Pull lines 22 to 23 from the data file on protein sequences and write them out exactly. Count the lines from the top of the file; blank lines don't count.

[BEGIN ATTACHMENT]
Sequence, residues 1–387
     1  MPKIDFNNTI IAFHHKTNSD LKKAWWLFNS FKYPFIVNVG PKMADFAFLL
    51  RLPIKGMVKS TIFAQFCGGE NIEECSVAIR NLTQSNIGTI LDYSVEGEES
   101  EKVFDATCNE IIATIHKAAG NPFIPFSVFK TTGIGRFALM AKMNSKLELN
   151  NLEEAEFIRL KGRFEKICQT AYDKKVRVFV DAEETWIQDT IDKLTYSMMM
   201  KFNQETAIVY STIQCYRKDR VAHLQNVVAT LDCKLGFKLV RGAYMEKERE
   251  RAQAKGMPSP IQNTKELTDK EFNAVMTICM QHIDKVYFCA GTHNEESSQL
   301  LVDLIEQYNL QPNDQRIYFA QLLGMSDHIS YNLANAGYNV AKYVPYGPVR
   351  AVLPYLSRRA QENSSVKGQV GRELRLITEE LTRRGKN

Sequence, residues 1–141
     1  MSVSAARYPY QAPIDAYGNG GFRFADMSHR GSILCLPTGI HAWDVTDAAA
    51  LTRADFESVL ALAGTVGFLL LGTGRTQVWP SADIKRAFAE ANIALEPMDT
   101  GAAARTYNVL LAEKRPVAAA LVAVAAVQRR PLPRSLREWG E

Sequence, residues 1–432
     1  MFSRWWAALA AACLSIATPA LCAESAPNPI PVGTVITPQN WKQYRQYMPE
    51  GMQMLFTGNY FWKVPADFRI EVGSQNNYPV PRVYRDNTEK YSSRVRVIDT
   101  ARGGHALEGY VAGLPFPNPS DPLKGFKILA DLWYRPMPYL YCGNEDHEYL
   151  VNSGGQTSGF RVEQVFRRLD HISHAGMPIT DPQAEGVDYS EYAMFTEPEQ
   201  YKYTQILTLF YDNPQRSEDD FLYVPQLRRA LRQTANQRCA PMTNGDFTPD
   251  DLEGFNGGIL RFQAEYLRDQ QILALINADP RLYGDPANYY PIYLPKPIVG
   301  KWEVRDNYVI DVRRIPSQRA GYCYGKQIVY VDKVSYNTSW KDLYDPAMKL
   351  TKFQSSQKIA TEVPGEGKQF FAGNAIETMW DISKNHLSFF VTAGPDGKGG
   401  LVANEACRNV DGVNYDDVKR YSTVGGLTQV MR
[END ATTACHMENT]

   351  TKFQSSQKIA TEVPGEGKQF FAGNAIETMW DISKNHLSFF VTAGPDGKGG
   401  LVANEACRNV DGVNYDDVKR YSTVGGLTQV MR